Merel, stylish as always.
Sunglasses borrowed from Clarins to match the sun shawl.
The river port that is the gateway to the Saamaka.
Merel and Silicia at Tappawatra Falls
Yes, it's Merel
The sign names one of the rooms at the hostel that Merel has been helping to organize.
Bush trail damaged by logging
Belé's New Canoe
Travelling by Canoe
Javeh, Clarins and Ida.
Striped Barbados Lily
The bush tracks are pretty rough and were a challenge in the dark.
Fork in the Road
It's the track on the left. No! I mean the right, I think... Fortunately our guide knew the way.
Pineapple Maountain jungle view.
The 'mountain' rises about 30m above the jungle floor.
Casava bread baking
Silicia with the chief baker
A carved calabash bowl.
Silicia tries her hand at sanding a carved bowl using a 'sandpaper leaf'.
The entrance to the Saamaka Museum.
Beautiful, intricately carved entrance doors.
Merel in front of a tranditional hut.
Big trees are sacred and never cut down. They stand out because all the not-so-big trees around it have been cut down.
Wood carving underway.
Tree on rock.
Silicia with Belé's son and Belé
The dead trees still stand.
Evening over Brokopondo Lake
The hills under Brokopondo Lake have become islands.
His skill negotiating the rapids was awesome.
Teenager with Sloth
Local wildlife experts are discouraging locals from taking wild sloths and displaying them this way.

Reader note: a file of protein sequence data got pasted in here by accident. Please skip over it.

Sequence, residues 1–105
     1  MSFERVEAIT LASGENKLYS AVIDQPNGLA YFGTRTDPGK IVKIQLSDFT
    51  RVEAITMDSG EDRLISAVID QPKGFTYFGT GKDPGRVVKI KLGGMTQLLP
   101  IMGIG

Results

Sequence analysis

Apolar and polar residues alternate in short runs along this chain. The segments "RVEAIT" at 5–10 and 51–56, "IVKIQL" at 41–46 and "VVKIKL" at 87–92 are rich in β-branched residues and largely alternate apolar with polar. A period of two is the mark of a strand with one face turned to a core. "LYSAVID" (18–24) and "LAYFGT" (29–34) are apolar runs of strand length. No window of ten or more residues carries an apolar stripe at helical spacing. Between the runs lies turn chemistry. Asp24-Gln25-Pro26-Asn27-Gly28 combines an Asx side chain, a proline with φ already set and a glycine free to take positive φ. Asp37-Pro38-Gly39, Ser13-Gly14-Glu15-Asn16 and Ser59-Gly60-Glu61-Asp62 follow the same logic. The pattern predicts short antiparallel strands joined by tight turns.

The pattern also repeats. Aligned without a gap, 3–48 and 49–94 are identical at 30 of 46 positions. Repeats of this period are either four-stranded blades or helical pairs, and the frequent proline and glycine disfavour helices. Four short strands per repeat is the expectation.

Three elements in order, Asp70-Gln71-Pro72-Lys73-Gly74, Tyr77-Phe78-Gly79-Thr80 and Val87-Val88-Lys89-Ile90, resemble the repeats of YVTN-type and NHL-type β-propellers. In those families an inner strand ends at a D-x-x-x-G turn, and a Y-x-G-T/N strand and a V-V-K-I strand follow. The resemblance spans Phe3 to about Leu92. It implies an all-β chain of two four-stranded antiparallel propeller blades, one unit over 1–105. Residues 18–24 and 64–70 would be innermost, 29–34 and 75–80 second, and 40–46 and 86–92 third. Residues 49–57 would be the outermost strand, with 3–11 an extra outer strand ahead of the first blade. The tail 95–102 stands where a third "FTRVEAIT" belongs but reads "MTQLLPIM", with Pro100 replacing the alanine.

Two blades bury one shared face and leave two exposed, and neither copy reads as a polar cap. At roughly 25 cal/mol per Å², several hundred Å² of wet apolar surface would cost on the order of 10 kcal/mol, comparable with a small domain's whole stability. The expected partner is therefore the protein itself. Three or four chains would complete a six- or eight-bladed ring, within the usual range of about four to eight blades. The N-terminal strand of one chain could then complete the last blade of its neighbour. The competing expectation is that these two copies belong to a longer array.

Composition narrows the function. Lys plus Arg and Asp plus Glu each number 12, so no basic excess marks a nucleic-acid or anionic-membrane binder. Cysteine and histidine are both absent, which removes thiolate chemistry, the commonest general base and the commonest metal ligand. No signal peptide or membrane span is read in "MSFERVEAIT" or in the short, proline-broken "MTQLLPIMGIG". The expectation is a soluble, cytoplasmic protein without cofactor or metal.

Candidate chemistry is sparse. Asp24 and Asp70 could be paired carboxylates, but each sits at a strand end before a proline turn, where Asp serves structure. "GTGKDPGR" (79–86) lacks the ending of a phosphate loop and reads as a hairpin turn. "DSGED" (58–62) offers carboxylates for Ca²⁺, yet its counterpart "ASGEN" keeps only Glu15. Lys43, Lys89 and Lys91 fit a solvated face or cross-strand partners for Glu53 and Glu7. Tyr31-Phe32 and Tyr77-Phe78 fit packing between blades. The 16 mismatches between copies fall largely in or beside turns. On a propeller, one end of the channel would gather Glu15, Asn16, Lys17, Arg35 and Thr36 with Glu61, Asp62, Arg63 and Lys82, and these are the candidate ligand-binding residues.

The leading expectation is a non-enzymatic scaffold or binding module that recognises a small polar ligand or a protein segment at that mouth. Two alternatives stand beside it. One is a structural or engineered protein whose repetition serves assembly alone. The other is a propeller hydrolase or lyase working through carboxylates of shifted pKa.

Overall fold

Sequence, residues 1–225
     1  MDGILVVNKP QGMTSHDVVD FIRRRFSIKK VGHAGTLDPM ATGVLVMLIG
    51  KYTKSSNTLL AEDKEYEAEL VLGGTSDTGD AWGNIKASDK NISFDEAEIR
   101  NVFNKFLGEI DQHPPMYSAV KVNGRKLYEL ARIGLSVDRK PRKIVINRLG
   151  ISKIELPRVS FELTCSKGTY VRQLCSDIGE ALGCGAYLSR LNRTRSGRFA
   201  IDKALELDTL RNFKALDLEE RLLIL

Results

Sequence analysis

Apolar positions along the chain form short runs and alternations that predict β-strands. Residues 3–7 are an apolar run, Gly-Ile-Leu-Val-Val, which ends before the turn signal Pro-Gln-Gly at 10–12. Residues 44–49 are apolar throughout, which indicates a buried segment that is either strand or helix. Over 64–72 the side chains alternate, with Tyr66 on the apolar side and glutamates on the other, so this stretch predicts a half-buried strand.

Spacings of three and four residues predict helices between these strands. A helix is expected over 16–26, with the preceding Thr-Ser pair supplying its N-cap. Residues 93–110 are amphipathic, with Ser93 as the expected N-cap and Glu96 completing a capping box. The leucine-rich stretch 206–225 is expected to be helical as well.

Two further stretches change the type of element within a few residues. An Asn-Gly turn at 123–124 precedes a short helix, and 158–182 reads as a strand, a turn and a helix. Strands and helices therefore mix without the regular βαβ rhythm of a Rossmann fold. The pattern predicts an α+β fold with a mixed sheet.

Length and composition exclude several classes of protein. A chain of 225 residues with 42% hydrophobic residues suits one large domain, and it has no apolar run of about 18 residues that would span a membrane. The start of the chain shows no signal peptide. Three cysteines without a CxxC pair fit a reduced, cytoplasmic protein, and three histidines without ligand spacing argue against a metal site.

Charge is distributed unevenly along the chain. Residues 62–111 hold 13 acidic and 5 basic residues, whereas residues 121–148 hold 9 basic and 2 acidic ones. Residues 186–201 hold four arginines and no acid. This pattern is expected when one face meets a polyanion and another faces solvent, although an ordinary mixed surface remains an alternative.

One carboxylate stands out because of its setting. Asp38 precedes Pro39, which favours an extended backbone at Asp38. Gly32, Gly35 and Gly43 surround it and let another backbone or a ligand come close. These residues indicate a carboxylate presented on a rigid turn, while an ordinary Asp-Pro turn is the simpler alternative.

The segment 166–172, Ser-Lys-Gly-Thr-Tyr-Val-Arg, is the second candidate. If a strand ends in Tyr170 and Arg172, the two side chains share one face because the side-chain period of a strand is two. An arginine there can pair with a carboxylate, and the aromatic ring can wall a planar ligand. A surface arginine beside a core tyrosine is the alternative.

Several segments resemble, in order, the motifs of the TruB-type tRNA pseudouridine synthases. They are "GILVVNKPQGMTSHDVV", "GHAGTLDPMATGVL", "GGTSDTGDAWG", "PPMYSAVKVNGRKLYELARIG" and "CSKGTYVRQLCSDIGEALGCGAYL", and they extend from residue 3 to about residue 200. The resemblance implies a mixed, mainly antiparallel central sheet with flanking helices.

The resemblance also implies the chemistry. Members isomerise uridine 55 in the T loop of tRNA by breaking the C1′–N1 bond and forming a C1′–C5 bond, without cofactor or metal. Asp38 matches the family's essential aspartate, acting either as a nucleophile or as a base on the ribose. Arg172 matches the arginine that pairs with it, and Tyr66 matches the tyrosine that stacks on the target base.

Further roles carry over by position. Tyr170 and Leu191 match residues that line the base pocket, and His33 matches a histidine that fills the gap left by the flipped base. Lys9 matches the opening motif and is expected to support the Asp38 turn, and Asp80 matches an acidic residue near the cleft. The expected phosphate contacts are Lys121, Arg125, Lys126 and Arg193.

Ida catches piranha any way she can!
Silicia catches a piranha
The log on the left is the hull and Javeh is planing the solid timber that will become the sides.
Silicia and children.
Silicia and Javeh
Ida stringing her hamock
Those red eyes are uinmistakable, as are the teeth!
A rare smile from our indefatigable captain.
Merel in the Jungle.
Silicia takes in the dawn.
Young man carving an aluminium plate
His only tools are a pencil and a sharpened screwdriver.
The finished plate
Silicia helps out with the baking.
Belé and family.
Orchid on Pineapple Mountain.
View from Pineapple Mountain
We were just in time to catch the dawn.
A Calabash tree
The fruit has a hard shell which is used as a bowl. The pulpy insides are inedible and have no value.
Cactus on Pineapple Mountain
The Saamaka are consumate woodworkers.
An evening meal.
We were well fed on mostly traditional foods.
Their wings are clipped and they are kept as curiosities.
River and jungle.
Except where there is a village, the bush meets the river with no open spaces.
Belé hides under checkered shawl.